Steven Mendez Wiki – Steven Mendez Biography
Steven Mendez, 17, was charged Friday with allegedly gunning down 21-year-old Saikou Koma on October 24 in what law enforcement sources said was a potential case of mistaken identity fueled by vengeful gang members looking for blood. . A Bronx teenager allegedly murdered an “innocent child” in a botched gang hit, after a judge released him in an earlier armed robbery case instead of being thrown behind bars, The Post learned.
Mendez, who is accused of being the trigger for Koma’s death, was free to allegedly kill after pleading guilty in a case of assault, robbery, and possession of weapons in 2020, the sources said. In May, Acting Bronx Supreme Court Justice Denis Boyle granted Mendez parole, despite prosecutors’ objections to sending the teen to jail. Mendez already had at least three other arrests on his record, including a weapons charge in 2019 for pointing a gun at his own mother.
Steven Mendez Age
Steven Mendez is 17 years old.
Steven Mendez NYC teen allegedly murdered
Now, Koma’s grieving parents are demanding justice in light of information that their son’s alleged killer was on probation at the time. “This judge let him go, but I’m not going to let him go,” Haja Kaira, the victim’s mother, told The Post through tears on Monday. “My son will receive justice. This is crazy.” She continued, “He doesn’t deserve to be out there. A murderer is a murderer. He will do it again. ”
Koma’s father, Amar Bully Koma, called Boyle’s decision “insane.” “What’s wrong with this judge?” he said. “If this was the judge’s son, or his nephew or a relative, I would not let him go. The city, the mayor. If this was their son, they wouldn’t let him go. They don’t care about us. We have no rights. ”
Mendez was indicted last year on charges of first-degree assault, first-degree robbery, and possession of weapons for a felony stemming from an armed robbery on July 17, 2020, in the Bronx. The victim, in that case, was shot in the leg, prosecutors and judicial officials confirmed. Mendez, who was 16 at the time of the crime and was tried as a “juvenile delinquent,” pleaded guilty and was placed in an unsecured facility pending sentencing, the state’s Office of Court Administration said.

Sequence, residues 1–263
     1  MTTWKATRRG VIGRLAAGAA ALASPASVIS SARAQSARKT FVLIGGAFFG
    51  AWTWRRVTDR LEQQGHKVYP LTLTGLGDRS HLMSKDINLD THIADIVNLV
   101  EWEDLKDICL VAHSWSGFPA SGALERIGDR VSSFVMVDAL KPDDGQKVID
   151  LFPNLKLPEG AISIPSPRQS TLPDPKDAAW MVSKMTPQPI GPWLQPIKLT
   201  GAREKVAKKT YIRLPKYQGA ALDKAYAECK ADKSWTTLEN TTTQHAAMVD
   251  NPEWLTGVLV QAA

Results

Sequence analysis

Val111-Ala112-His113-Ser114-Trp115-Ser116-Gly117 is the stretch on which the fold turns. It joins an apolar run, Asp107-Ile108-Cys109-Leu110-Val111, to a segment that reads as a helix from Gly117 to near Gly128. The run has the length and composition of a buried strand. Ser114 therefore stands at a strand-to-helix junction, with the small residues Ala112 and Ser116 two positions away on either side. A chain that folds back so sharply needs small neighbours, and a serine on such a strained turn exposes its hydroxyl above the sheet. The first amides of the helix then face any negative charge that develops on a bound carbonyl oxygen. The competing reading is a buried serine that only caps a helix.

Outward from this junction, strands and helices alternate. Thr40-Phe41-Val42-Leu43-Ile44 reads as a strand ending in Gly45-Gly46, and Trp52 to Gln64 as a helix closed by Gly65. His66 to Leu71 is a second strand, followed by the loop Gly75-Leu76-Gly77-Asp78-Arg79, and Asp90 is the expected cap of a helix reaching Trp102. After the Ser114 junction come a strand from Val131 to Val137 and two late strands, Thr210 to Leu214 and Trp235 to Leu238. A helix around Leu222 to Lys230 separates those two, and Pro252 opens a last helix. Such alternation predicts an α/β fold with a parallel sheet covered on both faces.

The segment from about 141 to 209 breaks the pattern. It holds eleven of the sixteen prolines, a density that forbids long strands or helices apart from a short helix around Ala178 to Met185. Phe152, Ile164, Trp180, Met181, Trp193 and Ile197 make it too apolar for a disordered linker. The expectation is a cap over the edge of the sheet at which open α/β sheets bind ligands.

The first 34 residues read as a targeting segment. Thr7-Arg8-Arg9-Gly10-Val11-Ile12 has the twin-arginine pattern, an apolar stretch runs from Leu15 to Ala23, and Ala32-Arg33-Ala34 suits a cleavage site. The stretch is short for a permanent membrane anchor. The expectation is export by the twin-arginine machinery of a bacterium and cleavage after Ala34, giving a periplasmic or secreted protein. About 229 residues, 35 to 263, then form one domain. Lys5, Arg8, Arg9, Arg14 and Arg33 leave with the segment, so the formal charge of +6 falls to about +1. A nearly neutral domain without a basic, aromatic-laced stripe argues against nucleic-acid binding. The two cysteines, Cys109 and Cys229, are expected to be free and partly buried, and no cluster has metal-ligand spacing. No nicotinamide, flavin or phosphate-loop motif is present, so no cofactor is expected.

In May, Boyle opted to release the teenager citing a report that Mendez was “fully engaged” and doing well in school. The judge found that a state prison sentence at that time in his life for a crime committed as an accessory at the age of 16 was not justified and consequently he was sentenced as ME to five years of probation,” explained the Monday the OCA spokesman, Lucian Chalfen. .
Under state law, defendants between the ages of 16 and 19 can be granted “juvenile delinquent” status, reducing their sentences and sealing their criminal record. A spokesman for the Bronx District Attorney, Darcel Clark, said the judge’s decision came “on our objections” and said prosecutors wanted a sentence of 1 1/3 to 4 years, the maximum allowed for a convicted juvenile offender. for a felony.
Back on the streets, sources said that Méndez, a well-known gang member, was with other gang members on Oct. 24 when they went out to seek revenge for the beating of one of their own by a rival gang, the sources said. Enraged criminals encountered Koma on Ryer Avenue in Fordham Heights and shot him, with Mendez allegedly pulling the trigger of the .357 caliber pistol, law enforcement sources said.
Sources said the group may have mistaken Koma for a rival gang member or was simply looking for blood, but they insisted the victim was “a completely innocent child.” Kaira, Koma’s heartbroken mother, criticized the judge’s decision to remove Méndez. “You have to do the job,” he said. “You have to keep us safe. If one part of the system doesn’t work, none of it works. Not too much gun violence everywhere. ”
Mendez was still on probation for the 2020 case when he was arrested Friday, authorities said. “When they catch a boy with a gun and he comes home before dinner, they are sending an armed version of that boy out onto the street,” the source said. “They are more dangerous.” An attorney for the Méndez Legal Aid Society did not respond to a request for comment Monday. A spokesman for the city’s Probation Department said state law “legally prohibits” them from providing information on juvenile delinquency cases.